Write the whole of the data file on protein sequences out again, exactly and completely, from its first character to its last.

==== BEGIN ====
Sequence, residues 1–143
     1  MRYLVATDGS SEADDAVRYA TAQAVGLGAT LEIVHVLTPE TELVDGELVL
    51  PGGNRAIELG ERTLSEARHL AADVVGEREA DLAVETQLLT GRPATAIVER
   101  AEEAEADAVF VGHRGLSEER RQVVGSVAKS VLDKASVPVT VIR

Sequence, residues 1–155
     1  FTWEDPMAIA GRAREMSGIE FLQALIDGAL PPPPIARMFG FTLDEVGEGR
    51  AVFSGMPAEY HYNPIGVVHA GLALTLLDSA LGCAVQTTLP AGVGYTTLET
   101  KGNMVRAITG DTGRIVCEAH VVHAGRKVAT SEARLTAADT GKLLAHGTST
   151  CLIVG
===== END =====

Sequence, residues 1–143
     1  MRYLVATDGS SEADDAVRYA TAQAVGLGAT LEIVHVLTPE TELVDGELVL
    51  PGGNRAIELG ERTLSEARHL AADVVGEREA DLAVETQLLT GRPATAIVER
   101  AEEAEADAVF VGHRGLSEER RQVVGSVAKS VLDKASVPVT VIR

Sequence, residues 1–155
     1  FTWEDPMAIA GRAREMSGIE FLQALIDGAL PPPPIARMFG FTLDEVGEGR
    51  AVFSGMPAEY HYNPIGVVHA GLALTLLDSA LGCAVQTTLP AGVGYTTLET
   101  KGNMVRAITG DTGRIVCEAH VVHAGRKVAT SEARLTAADT GKLLAHGTST
   151  CLIVG